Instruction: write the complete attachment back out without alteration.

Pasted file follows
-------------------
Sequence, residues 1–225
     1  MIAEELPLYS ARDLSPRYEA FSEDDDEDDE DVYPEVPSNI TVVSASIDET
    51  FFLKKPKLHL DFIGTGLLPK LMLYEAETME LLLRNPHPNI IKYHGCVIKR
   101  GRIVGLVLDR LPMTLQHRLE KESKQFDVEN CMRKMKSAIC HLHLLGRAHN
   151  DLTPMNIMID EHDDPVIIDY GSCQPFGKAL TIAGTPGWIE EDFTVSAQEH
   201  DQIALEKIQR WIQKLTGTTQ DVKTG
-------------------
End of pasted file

Sequence, residues 1–225
     1  MIAEELPLYS ARDLSPRYEA FSEDDDEDDE DVYPEVPSNI TVVSASIDET
    51  FFLKKPKLHL DFIGTGLLPK LMLYEAETME LLLRNPHPNI IKYHGCVIKR
   101  GRIVGLVLDR LPMTLQHRLE KESKQFDVEN CMRKMKSAIC HLHLLGRAHN
   151  DLTPMNIMID EHDDPVIIDY GSCQPFGKAL TIAGTPGWIE EDFTVSAQEH
   201  DQIALEKIQR WIQKLTGTTQ DVKTG